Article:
lahore bombing

Since the 1980s, patronized by the security establishment, the religious right has gained political ground in Pakistan. The goal is to grab political power and impose a harsh version of Islam on a country founded in the name of the religion.
ISLAMABAD -- For years, the refrain of "fear of blowback" kept the government from going after the Taliban in certain regions. But the slaughter of children in Peshawar was the last straw. Especially after the recent bombing of women and children in a park -- the softest of targets, many of us in Pakistan believe that the terrorists' depravity is fueled by the desperation of knowing that their space is shrinking.
A key lesson for Pakistan's elites is that short-term military action and executions, important as they are, are no substitute for structural reforms, especially of school curricula and religious institutions that breed intolerance and Islamic nationalism.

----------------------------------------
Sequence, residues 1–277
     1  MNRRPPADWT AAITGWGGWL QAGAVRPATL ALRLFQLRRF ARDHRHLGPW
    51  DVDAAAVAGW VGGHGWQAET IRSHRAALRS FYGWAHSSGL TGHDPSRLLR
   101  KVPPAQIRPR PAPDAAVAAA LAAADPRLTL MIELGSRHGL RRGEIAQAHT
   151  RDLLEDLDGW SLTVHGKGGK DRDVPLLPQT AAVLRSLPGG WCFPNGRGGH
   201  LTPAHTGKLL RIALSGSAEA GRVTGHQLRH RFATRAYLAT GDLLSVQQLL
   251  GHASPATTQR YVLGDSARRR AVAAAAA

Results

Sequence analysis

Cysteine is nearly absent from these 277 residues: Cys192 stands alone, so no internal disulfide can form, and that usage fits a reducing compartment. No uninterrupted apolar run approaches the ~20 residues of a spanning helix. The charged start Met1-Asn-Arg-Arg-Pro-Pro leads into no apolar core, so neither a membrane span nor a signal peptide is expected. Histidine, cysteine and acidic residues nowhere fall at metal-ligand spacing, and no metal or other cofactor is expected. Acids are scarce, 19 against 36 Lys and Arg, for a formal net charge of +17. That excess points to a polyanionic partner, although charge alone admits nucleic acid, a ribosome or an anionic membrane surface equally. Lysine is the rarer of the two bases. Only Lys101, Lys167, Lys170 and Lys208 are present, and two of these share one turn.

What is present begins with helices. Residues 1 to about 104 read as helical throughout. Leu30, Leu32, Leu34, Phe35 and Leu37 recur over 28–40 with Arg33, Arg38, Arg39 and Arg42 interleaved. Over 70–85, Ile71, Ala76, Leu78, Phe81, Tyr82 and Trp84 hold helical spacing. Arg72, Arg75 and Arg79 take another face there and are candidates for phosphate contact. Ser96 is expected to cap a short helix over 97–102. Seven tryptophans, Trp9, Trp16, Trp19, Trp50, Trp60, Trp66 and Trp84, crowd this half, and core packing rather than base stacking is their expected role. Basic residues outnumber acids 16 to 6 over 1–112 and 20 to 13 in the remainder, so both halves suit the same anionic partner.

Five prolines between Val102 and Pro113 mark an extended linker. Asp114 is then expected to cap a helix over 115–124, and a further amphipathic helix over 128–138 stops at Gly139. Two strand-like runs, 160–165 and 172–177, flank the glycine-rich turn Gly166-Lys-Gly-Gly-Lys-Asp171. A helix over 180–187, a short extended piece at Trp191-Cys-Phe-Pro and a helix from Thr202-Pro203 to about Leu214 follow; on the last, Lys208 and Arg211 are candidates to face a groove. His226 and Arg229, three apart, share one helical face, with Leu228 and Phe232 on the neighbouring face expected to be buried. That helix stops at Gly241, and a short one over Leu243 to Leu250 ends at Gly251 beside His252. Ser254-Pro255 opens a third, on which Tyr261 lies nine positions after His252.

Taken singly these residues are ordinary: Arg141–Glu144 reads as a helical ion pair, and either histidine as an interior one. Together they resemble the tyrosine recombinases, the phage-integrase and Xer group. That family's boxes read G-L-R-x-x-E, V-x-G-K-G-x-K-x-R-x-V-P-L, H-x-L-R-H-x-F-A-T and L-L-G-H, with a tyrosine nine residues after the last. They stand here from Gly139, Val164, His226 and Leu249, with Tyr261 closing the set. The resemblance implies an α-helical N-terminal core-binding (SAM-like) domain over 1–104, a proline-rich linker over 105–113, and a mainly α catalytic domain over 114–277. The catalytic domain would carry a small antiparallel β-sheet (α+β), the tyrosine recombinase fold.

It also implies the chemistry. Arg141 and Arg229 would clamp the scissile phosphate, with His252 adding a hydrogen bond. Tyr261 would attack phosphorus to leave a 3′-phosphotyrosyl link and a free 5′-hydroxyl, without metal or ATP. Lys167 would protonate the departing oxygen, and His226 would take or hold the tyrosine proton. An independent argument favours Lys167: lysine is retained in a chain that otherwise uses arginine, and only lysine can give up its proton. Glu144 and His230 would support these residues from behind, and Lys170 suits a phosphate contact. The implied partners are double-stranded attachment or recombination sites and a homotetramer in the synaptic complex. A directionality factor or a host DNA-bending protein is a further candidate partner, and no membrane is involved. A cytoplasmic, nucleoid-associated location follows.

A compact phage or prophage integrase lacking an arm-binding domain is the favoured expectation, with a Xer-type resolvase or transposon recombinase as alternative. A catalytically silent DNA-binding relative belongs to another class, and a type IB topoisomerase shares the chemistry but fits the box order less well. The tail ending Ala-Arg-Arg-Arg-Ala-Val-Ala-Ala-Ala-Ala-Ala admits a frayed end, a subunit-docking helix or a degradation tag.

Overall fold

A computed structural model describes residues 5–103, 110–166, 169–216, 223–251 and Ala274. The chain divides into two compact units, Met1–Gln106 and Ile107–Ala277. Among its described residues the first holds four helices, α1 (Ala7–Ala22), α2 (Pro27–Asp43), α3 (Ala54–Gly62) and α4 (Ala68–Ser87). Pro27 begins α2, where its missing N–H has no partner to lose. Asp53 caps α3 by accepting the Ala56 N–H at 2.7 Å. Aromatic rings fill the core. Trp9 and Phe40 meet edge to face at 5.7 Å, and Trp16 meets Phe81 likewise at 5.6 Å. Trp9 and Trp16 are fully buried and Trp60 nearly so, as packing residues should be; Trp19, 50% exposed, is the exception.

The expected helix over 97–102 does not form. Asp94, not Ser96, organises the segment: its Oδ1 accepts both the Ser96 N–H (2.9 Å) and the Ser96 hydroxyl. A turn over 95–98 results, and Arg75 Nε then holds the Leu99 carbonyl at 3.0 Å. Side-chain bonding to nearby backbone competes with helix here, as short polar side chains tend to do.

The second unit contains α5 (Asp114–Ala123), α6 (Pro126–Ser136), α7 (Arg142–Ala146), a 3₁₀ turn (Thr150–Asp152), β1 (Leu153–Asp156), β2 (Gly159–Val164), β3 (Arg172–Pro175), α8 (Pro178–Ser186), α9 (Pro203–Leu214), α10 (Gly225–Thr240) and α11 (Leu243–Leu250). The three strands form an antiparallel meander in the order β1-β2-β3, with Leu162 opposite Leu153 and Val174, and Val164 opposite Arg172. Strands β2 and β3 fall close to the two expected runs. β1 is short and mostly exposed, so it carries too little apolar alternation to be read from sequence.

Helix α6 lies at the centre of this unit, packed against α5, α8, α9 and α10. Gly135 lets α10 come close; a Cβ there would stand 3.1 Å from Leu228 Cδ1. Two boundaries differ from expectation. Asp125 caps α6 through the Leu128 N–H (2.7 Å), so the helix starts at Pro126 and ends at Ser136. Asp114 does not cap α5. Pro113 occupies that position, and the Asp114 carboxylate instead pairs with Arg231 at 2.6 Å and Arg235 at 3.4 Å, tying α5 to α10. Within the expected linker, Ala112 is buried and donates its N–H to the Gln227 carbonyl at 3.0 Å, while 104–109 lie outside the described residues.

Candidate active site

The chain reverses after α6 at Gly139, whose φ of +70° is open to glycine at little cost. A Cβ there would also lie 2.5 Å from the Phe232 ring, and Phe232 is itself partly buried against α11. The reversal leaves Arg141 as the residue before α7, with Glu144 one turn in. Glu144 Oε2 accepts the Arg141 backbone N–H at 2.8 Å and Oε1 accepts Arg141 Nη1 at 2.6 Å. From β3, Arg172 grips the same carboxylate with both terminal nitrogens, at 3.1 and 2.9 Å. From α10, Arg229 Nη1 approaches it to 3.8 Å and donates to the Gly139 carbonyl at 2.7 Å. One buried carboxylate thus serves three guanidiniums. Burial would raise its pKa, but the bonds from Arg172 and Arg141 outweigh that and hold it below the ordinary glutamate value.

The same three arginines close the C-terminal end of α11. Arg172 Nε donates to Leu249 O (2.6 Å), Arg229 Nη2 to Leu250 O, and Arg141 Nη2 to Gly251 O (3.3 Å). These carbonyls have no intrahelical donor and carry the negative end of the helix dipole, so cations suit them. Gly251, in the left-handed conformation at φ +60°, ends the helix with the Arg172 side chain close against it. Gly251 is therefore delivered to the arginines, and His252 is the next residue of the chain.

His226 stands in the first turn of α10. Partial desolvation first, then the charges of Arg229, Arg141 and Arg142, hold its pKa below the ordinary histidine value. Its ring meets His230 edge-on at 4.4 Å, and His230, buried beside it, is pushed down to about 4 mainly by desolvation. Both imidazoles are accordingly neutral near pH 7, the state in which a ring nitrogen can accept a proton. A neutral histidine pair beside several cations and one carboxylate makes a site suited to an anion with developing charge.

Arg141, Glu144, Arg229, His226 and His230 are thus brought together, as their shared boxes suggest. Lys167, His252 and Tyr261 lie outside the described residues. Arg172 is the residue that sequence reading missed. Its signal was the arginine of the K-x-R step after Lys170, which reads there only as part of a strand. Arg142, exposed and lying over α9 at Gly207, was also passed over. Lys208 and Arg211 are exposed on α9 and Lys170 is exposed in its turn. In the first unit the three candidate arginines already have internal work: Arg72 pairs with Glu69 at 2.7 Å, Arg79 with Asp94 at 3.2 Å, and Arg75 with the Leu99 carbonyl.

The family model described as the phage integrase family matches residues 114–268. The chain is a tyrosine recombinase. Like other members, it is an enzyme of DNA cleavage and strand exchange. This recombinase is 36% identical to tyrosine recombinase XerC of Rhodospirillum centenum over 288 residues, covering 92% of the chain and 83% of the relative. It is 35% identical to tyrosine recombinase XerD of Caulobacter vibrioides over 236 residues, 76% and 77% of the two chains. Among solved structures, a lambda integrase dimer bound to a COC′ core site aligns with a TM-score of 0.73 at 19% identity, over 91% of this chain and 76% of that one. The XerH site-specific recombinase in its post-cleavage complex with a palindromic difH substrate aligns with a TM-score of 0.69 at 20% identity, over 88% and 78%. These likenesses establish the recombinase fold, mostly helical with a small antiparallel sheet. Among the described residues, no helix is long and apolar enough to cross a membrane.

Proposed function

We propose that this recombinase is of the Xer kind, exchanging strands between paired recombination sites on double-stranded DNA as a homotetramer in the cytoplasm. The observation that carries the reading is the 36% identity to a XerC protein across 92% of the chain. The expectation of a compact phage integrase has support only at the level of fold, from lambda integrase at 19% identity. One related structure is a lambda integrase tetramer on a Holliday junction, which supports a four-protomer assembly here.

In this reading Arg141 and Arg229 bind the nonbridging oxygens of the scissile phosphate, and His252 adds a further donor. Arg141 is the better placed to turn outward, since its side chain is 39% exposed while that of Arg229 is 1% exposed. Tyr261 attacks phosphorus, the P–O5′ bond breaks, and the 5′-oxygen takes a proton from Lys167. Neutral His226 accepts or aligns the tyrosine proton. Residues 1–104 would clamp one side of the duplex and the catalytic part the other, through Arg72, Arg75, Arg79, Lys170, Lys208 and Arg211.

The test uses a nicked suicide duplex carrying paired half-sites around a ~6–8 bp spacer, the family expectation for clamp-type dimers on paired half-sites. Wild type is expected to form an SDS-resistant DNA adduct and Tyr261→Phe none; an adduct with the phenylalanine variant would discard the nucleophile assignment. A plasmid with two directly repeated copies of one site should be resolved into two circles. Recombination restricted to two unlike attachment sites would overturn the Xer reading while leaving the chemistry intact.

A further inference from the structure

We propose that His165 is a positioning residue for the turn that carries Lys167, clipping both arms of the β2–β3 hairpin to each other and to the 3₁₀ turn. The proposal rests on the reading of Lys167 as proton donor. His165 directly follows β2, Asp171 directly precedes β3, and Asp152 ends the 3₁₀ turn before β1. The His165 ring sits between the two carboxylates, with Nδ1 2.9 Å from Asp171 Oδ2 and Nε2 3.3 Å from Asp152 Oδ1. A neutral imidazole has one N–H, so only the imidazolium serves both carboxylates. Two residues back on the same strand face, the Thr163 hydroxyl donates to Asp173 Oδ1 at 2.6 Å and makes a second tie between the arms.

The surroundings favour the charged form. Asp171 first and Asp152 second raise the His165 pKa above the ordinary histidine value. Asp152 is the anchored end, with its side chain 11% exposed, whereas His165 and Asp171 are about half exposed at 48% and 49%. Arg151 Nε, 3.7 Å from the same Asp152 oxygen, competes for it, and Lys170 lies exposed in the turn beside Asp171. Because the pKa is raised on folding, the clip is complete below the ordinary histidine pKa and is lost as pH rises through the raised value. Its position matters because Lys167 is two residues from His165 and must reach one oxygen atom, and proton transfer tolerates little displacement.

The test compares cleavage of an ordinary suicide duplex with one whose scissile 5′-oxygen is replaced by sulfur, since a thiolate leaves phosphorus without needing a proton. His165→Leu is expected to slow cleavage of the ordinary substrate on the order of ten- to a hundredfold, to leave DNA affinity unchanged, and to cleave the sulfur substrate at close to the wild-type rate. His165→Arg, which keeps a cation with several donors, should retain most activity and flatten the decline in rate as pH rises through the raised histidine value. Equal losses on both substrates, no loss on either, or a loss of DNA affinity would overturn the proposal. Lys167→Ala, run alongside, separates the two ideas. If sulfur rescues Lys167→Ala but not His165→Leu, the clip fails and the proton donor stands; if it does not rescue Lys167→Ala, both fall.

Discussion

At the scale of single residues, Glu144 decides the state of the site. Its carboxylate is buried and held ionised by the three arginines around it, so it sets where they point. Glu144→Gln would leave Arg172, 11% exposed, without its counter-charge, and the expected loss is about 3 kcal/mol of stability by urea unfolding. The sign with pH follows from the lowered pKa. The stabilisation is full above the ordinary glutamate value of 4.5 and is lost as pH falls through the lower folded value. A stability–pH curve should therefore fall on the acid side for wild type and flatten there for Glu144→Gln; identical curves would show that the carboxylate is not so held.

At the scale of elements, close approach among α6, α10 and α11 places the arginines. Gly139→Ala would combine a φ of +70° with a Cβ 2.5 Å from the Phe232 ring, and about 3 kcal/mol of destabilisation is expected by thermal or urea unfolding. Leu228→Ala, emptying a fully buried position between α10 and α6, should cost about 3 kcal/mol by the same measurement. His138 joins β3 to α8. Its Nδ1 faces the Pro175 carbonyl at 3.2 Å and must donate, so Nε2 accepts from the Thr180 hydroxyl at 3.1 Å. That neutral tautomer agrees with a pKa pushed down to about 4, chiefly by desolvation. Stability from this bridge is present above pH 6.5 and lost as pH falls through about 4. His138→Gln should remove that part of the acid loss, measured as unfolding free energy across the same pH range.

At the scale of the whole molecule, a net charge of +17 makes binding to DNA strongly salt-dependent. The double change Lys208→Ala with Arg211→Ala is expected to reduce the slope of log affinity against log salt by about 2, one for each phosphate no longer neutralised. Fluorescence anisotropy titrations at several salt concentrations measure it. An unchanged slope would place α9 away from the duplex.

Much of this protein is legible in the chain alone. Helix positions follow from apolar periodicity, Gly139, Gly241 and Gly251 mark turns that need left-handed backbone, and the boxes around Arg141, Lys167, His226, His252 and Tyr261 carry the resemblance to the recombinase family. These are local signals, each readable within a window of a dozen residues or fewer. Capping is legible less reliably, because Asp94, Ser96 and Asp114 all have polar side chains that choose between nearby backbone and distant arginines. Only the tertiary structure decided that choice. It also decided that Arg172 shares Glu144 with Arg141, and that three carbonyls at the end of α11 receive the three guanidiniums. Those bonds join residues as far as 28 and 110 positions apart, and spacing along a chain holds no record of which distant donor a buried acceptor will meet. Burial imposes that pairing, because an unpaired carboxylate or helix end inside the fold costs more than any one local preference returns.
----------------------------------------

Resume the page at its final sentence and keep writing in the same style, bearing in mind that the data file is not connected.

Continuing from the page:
A faction of the Pakistani Taliban claimed responsibility for the bombing.
A faction of the Pakistani Taliban called Jamaat-ul-Ahrar claimed responsibility for the attack that killed at least 65 people.
Scores of people, mostly women and children, were killed in a blast at a public park.
The insurgents that the Pakistani and U.S. forces are battling are various fronts of poor, largely uneducated men doing what their ancestors have done for centuries: defending the Pashtun way.